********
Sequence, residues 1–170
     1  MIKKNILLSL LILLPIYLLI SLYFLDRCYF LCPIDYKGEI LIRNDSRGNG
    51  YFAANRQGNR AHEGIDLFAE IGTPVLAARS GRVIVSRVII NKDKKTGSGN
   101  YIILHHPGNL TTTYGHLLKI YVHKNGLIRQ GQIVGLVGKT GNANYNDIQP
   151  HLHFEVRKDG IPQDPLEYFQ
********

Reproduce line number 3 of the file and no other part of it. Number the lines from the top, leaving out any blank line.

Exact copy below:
    51  YFAANRQGNR AHEGIDLFAE IGTPVLAARS GRVIVSRVII NKDKKTGSGN